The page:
With over 2,000 miles of coastline, France is the largest producer of oysters in Europe. In France, the oyster has been beloved by kings and peasants for thousands of years and today, the French continue to love these salty and briny treats from the sea. At bistros and brasseries around the country, you’ll find raw oysters on the menu–and many believe French oysters to be the best in the world.
The History of Oysters
The oyster is a saltwater bivalve mollusk that’s been on earth since the dinosaurs. Human oyster consumption dates back 164,000 years, around the time hominids first arrived in Europe. Oysters are native to France and have been consumed there since the Roman Era. Throughout the Middle Ages and the Renaissance, oysters were harvested for food, but it wasn’t until the 17th century that oyster cultivation began at seaside farms in France.
Throughout French history, oysters have played a role in the lives of some of the most famous French citizens, including kings, philosophers, and artists.
In the 1920s, as beachside resorts in Normandy and Brittany gained popularity, so did the oyster. Today, oysters aren’t just a luxury food item. While you can find pricey plates of oysters on Michelin-starred menus throughout France, they are also commonly found at outdoor markets or waterfront stalls for just a few euros per dozen.
Oyster Cultivation in France
In France, on both the Mediterranean and Atlantic coasts, oysters are grown in marshes and estuaries. Oysters thrive in saltwater and brackish water where changing tides help the mollusks grow strong shells. Many of France’s oysters come from shallow bays or lagoons.
In France, there are two kinds of oysters grown. The flat oyster (huȋtre plate) is a native variety that’s a bit pricier and harder to find. Sometimes called belon or marennes, they are produced in small quantities and make up only about 1-2% of the oyster industry in France. The cupped oyster (huȋtre creuse) is a species that was first imported from Japan.
It can take anywhere from a year to three years for oysters to be ready for consumption. Left unharvested, an oyster can live in the ocean for 20 years and grow to 12 inches or more.
In France, oysters are categorized with a number from 000 to 6–the smaller the number, the larger the oyster. Huȋtres fines are small or medium sized, while huȋtres speciales are larger and meatier.
While oysters are farmed throughout France, Normandy and Brittany are especially known for oysters, with the city of Cancale (near Mont St. Michel) dubbed “The Oyster Capital of Brittany.” You can also find oyster cultivation in Pays de la Loire, Poitou Charente, Aquitaine, and Languedoc-Roussillon.
Apart from restaurants, you’ll find oysters at seafood markets and food stalls throughout France, beautifully displayed on crushed ice. Once you’ve decided which size and type you’d like, it’s time to shuck the oysters.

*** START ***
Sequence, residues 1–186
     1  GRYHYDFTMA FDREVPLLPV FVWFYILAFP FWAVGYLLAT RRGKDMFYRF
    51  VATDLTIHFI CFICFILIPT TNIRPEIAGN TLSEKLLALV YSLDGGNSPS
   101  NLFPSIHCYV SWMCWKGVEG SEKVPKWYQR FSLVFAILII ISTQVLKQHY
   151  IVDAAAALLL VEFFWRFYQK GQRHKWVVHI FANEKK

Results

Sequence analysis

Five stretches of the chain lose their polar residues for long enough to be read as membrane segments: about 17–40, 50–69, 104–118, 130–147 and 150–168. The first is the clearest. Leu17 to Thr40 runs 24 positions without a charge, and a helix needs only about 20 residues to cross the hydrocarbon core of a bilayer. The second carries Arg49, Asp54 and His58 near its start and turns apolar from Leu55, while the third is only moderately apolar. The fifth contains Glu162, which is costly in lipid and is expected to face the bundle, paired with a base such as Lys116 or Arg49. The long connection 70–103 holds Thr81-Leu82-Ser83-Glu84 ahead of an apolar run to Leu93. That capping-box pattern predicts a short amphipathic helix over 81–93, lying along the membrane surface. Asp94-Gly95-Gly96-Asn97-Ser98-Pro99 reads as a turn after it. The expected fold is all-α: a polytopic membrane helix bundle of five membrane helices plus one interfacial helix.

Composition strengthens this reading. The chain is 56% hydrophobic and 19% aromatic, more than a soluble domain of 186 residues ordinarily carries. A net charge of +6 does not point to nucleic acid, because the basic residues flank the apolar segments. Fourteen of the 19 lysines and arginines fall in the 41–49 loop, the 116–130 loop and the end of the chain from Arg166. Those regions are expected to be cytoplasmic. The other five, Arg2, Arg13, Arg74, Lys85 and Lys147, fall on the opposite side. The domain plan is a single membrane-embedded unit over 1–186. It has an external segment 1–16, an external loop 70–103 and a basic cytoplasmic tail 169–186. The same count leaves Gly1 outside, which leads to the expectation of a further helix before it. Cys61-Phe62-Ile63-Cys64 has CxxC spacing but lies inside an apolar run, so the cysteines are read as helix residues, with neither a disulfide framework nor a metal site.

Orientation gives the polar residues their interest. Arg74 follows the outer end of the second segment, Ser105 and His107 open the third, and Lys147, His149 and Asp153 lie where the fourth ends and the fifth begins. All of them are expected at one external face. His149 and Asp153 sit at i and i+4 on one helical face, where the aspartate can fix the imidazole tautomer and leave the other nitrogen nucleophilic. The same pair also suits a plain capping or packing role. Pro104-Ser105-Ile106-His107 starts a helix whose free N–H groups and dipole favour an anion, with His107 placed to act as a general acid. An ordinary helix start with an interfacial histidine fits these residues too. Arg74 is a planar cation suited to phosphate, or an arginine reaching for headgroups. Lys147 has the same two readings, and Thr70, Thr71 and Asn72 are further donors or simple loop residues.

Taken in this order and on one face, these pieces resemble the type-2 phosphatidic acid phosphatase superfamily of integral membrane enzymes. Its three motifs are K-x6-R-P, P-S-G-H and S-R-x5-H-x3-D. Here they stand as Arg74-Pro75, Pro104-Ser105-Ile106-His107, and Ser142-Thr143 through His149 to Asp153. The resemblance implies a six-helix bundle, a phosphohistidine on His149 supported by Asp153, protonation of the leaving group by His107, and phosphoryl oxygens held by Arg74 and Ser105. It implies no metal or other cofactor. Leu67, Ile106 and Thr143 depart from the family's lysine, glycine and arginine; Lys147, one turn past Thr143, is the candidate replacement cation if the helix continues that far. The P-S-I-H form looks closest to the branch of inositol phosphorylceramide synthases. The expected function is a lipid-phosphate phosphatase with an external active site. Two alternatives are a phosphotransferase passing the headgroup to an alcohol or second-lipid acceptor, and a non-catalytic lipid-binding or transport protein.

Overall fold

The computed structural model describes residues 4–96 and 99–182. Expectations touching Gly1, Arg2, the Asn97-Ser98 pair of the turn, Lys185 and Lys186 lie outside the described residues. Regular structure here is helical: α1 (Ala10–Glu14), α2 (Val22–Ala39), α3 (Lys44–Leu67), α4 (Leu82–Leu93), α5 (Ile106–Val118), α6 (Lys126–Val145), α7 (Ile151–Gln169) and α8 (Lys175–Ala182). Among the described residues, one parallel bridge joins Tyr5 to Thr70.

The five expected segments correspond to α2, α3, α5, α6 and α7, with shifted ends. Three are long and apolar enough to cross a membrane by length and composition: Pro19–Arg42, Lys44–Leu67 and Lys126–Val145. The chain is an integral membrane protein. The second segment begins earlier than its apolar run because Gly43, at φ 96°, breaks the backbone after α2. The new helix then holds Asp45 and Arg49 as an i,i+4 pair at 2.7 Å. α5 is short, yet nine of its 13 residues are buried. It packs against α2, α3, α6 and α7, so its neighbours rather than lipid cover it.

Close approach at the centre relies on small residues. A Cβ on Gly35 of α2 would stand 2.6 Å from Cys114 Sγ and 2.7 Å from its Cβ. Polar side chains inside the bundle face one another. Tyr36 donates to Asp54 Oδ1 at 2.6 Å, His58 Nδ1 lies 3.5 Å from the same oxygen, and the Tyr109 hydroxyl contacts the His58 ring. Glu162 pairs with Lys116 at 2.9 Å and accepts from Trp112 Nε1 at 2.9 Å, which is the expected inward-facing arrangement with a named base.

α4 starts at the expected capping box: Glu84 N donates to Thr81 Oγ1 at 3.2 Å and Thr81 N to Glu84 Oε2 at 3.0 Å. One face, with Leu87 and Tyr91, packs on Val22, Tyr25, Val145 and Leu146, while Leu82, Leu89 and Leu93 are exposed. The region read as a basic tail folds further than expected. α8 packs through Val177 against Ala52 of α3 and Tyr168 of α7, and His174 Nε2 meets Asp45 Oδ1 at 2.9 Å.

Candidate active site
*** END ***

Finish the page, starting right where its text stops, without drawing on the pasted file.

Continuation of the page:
Use a knife with a short, blunt blade to open the oysters. First, insert the blade into the oyster hinge (the thickest part of the oyster where the two shells meet). Then, carefully twist the knife to pry the shell apart, then use the knife to separate the two halves of the shell. You can gently scrape the knife under and around the oyster to detach it from its shell.
While oyster purists will insist that the only way to enjoy an oyster is by itself, in France, oysters are usually served with a lemon wedge and mignonette, a tangy condiment made from vinegar and shallots. While smaller oysters should always be eaten raw, larger oysters can sometimes be prepared “au gratin”: baked in the oven with butter, garlic, herbs, and breadcrumbs.
After you’ve seasoned (or not) your oysters, use a small fork to gently loosen the oyster from its shell. Use the oyster shell like a spoon, tipping the oyster into your mouth. Oysters should be chewed (not swallowed whole) so you can fully experience the unique texture and delicate flavors.
The general serving for oysters is a half dozen per person and they are best enjoyed with an accompanying beverage. While oysters are traditionally paired with champagne (a Ruinart Blanc de Blancs will go very nicely), an Aperol Spritz is a great option for hot summer days, while a Louis Jadot chardonnay will add some sophistication to your meal.
Where to Eat Oysters in Paris
While Paris is not on the coast, it boasts some of the best oysters in the country, thanks to the wonderful cafes and brasseries that specialize in seafood. Don’t miss these oyster hot spots on your next trip to Paris.
This fantastic spot in the 6th arrondissement specializes in oysters from Marenne-Oleron. The tiny restaurant serves a variety of oysters alongside poached prawns and a well-curated wine list.
With an ever-changing menu, Oyster Club focuses on what’s fresh, with a carefully selected menu of oysters and other seafood dishes.
In the hip 11th arrondissement, Clamato is a seafood-focused restaurant helmed by a Michelin-starred chef. With creative and innovative dishes, Clamato offers oysters along with ceviches and seafood platters.
Next door to sister restaurant Verre Vole, Sur Mer is a restaurant serving sustainable seafood. Cozy and intimate, the restaurant has an ever-changing menu of oysters and other seafood alongside natural wines.